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Oakland Begins Process Of Issuing Municipal ID, Debit Cards

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Oakland Mayor Jean Quan delivers the State of the City address at City Hall on February 8, 2012. (CBS)

Oakland Mayor Jean Quan delivers the State of the City address at City Hall on February 8, 2012. (CBS)

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OAKLAND (CBS SF) — Oakland Mayor Jean Quan on Friday hailed her city’s first step in issuing municipal identification cards as an important step in “fighting for more equity and justice in our country and having a more perfect union.”

Although New Haven, Conn., was the first U.S. city to issue municipal ID cards in 2007 and about a dozen other cities, including San Francisco, have followed suit, Quan said Oakland is the first city to have such a card double as a debit card for those who want that feature.

She said the debit card function addresses the needs of the poor, who often don’t have access to bank accounts and are forced to rely on costly services such as check cashers.

The mayor said the ID card will help undocumented immigrants but also will help all Oakland residents who have difficulty getting identification cards and opening bank accounts.

Paule Cruz Takash, a consultant for social and economic inclusion for SF Global, the vendor for the ID card, said black people have the most difficult getting access to bank accounts, followed by whites and Latinos.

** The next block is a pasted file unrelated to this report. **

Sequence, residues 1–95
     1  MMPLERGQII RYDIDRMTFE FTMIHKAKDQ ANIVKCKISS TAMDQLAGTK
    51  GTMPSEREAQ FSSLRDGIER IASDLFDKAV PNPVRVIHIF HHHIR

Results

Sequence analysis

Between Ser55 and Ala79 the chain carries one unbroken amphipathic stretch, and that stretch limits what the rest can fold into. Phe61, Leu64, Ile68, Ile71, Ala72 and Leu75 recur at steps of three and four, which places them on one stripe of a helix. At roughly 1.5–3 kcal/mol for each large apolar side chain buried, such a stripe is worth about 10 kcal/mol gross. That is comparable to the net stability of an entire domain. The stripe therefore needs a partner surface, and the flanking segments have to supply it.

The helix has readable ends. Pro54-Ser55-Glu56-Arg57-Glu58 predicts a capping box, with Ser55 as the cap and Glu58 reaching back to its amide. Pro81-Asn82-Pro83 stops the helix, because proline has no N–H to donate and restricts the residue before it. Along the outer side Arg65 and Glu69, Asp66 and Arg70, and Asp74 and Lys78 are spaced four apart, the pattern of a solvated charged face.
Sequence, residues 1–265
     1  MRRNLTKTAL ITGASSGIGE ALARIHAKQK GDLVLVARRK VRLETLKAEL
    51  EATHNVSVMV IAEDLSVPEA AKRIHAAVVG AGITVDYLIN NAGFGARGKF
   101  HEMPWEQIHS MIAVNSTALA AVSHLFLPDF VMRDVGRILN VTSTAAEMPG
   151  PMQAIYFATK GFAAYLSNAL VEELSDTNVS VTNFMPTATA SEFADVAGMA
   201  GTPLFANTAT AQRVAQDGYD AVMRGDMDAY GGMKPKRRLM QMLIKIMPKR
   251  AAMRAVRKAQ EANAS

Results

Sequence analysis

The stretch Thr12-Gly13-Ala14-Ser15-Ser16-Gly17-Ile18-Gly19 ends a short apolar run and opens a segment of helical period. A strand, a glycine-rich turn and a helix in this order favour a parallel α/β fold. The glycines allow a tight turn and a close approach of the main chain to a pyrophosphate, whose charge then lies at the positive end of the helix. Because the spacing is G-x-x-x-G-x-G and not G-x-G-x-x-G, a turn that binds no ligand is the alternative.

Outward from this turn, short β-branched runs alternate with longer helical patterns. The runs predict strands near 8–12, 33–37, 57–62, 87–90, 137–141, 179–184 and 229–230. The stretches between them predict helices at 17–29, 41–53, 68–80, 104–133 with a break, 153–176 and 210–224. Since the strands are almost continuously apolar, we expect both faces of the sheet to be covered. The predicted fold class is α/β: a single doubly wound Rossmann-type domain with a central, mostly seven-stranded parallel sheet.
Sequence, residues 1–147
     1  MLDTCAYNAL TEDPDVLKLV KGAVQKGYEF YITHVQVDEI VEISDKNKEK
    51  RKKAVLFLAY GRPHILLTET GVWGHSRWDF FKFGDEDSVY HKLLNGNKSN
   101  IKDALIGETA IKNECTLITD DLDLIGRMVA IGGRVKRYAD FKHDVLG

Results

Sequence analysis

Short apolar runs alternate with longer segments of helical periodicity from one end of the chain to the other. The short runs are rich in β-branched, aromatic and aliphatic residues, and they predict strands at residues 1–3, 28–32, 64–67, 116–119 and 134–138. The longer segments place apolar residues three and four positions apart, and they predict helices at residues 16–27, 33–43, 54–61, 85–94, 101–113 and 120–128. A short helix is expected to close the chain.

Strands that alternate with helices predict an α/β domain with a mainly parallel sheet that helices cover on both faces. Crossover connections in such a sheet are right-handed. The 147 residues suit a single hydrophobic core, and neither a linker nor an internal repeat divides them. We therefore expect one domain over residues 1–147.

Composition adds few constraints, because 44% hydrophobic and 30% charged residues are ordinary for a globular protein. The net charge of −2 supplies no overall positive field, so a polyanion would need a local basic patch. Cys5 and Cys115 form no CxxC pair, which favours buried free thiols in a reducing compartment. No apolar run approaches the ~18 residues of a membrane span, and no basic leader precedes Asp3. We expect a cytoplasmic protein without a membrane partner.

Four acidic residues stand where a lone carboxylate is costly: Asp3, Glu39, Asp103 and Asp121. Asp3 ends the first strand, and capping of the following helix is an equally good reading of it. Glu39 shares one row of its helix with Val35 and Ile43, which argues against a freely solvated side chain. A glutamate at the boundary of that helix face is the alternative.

Raul Hinojosa, chairman and chief executive of SF Global, said Oakland residents who want to get an ID card can begin pre-registering for one starting Friday either online or at the City Annex Building at 250 Frank Ogawa Plaza, next to City Hall, or at the Spanish Speaking Citizens’ Foundation at 1470 Fruitvale Ave.

Hinojosa said applicants need any government-issued ID card from anywhere in the world, such as a passport or a driver’s license, and proof that they’re an Oakland resident with a document such as a utility bill.

He said officials will begin mailing ID cards to people around March 15.

Quan and former City Councilman Ignacio De La Fuente, who represented Oakland’s heavily-Hispanic Fruitvale District for 20 years until he left office last month, were the first two people to sign up for the ID cards, as they both worked on the idea for the past four years.

(Copyright 2013 by CBS San Francisco and Bay City News Service. All rights reserved. This material may not be published, broadcast, rewritten or redistributed.)

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